ObamaCare Clusterfuck: White House lies like a rug about the ObamaCare application form, right on whitehouse.gov!
To understand why "Yeah, really" is a lie, you have to know a little detail:
The three-page form only applies to some applicants, and not all. Quoting (of all people) Ezra Klein:
The new form is short because it’s only for a single adult. But if you head to the HHS Web site, you can find the new form for family coverage. It, too, is shorter: A mere 12 pages rather than 21. But it only includes the forms for … two people. If your family includes more than two people, the form advises you to “make a copy of Step 2: Person 2 (pages 4 and 5) and complete.”
The result is that the new form for a family of six is 20 pages long and includes a substantial amount of time spent in front of a copier.
So the new form really is less intimidating for single adults, who now get an application catering to them. But it’s a bigger pain in the neck for a family of four, who now get an application catering to families of two — and to a media that equates fewer pages with better forms and laws. As larger families will now find out, shorter and simpler are not actually synonyms.
But, see, a family of six doesn't matter because they won't help with Obama's precious actuarial value* and singles, who skew disproportionately young (and invincible), do.
However, the 3-page form does have an interesting history. First, the change from the earlier form (that would have included all families) to the 3-page form definitely threw a monkey wrench into software development for the exchanges, since it was a change that came at a late date:
But [Connecticut] officials have learned that good news can have a downside. The state agency spent weeks reprogramming its Web site after the federal government shrank the insurance application from 21 pages to three.
Second, it looks like the decision to move from the 22- to the 3-page from was Obama's. From his April 30 presser (I'll include the notes):
And immediately everybody sat around the table and said: 'Well, this is too long, especially, you know, in this age of the Internet. People aren't going to have the patience to sit there for hours on end. Let's streamline this thing.'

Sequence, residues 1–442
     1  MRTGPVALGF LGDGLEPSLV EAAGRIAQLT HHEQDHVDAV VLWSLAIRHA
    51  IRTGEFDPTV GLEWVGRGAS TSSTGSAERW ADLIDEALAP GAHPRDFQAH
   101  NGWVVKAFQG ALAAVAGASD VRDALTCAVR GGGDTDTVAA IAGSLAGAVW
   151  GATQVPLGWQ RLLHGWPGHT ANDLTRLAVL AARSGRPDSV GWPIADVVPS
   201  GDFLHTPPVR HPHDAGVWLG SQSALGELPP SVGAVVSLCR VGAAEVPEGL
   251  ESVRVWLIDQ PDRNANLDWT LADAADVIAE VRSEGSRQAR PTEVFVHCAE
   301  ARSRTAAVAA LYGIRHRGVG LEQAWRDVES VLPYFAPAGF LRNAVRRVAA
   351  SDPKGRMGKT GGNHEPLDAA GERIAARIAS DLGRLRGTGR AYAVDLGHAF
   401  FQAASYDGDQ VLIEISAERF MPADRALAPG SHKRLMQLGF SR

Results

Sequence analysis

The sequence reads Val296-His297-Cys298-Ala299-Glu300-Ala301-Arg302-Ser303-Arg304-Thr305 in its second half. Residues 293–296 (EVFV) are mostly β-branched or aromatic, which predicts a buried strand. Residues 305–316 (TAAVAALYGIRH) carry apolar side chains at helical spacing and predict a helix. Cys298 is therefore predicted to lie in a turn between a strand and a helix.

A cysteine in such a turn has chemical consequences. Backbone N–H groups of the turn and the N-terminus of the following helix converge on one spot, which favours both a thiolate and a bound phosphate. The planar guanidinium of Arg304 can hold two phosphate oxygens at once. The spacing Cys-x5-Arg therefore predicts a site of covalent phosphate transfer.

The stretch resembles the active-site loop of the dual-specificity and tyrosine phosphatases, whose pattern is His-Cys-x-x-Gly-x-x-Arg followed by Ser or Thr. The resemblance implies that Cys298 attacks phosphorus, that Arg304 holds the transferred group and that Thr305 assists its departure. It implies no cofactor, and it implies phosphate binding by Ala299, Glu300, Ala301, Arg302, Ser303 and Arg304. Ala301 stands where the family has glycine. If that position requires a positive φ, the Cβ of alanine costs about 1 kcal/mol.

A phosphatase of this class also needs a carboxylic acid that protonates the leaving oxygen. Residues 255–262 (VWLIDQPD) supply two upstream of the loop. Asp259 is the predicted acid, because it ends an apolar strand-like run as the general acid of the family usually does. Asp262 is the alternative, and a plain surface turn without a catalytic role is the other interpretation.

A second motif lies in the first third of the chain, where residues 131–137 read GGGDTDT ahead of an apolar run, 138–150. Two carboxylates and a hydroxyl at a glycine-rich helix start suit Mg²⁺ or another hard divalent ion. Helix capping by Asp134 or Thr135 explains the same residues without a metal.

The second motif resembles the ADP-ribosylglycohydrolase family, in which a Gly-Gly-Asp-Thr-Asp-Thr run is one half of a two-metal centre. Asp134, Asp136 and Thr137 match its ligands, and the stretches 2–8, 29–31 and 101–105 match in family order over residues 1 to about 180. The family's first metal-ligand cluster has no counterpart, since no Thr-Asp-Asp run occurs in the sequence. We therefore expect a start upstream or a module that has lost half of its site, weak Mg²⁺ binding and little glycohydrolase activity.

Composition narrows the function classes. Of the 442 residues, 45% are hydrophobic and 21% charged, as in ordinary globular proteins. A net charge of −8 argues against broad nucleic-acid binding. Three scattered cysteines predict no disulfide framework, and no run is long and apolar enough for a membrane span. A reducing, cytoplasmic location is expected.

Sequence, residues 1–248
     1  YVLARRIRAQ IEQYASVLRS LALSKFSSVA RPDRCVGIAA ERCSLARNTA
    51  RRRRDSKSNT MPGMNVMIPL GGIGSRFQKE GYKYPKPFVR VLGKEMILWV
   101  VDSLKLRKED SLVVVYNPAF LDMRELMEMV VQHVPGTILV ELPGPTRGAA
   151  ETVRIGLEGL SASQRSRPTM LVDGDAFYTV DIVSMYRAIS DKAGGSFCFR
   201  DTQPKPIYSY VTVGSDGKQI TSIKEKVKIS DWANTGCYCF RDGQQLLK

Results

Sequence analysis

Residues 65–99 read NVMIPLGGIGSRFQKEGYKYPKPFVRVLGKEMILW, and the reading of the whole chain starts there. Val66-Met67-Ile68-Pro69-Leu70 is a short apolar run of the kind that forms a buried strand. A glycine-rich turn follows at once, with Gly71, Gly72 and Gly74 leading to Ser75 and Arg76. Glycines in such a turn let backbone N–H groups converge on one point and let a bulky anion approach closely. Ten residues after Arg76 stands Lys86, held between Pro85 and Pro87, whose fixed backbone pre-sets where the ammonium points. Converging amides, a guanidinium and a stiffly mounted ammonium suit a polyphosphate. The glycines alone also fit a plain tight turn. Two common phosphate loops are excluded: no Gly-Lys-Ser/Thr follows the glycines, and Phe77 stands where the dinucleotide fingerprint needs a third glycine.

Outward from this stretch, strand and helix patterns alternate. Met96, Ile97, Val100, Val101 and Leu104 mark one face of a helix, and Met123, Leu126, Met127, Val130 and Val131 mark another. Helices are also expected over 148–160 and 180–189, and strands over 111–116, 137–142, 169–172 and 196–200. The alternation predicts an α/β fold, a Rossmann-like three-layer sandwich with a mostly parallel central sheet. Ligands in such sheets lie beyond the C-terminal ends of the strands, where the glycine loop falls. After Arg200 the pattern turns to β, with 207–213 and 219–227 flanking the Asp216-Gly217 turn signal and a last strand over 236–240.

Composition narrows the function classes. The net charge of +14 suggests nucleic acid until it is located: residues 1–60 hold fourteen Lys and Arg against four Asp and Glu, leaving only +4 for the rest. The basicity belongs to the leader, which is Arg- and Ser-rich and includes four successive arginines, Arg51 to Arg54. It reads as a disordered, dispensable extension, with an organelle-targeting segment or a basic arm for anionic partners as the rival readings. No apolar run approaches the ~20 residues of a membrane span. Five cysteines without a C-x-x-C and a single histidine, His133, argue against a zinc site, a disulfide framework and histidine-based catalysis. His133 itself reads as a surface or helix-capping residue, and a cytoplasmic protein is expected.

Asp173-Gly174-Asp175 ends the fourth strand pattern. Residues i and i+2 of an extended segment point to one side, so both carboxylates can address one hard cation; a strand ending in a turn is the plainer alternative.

So we cut what was a 21-page form now down to a form that's about three pages for an individual, a little more than that for a family,1 well below the industry average.2 So those kinds of refinements, we're going to continue to be working on.3, 4
- And because of Obama's public relations push, families with more than two members are going to end up xeroxing extra copies of the forms.
- And because of Obama's public relations push, states that were furthest ahead on their implementations are penalized by having to go back and recode for the new form.
- In other words, top management is going to keep changing the requirements up until the very last minute. At least in some software development methodologies, that is not a recipe for success. (Readers, do any of you know what methodology the developers of the Federal Exchange are using?)
- The revised form is also simplified, in that many of the eligibility questions asked on the first version are now calculated from data supplied from outside the health exchange system. (For example, data can be grabbed from IRS computers instead of making the applicant fill in a blank.) However, that means that the simplified form is a gamble on a fully functional back-end system.
So, in my reading, the "everybody" that "sat around the table" includes Obama, as does the "we" in "we cut." So that means that Obama is responsible for any delays in the rollout that this decision had. It also means that if Obama approves the content for whitehouse.gov -- and it looks like "A Better Bargain" is campaign material, so I bet he did -- he's also responsible for the lie in "Yeah, really," since he knows the 3-page form does not apply to everyone.
It's hard work, unpacking the lies. Ya know, after 10 years of doing that, one administration starts to seem an awful lot like all the others. Why is that, I wonder?
NOTE * Though why a government social insurance program should be evaluated with a yardstick that applies to private insurance companies is beyond me.
NOTE Note also the horrible "A Better Bargain" branding. I guess we're supposed to get excited because it's not a Grand Bargain? And how about that flaccid, vacuous pragmatism in "better"? "Better" in the way it's "better" to have the boot backed off my windpipe by an inch instead of crushing it?
UPDATE This also looks like some staffer thinking the boss's idea would be a great marketing tool. If the White House is the echo chamber people make it out to be, that would happen.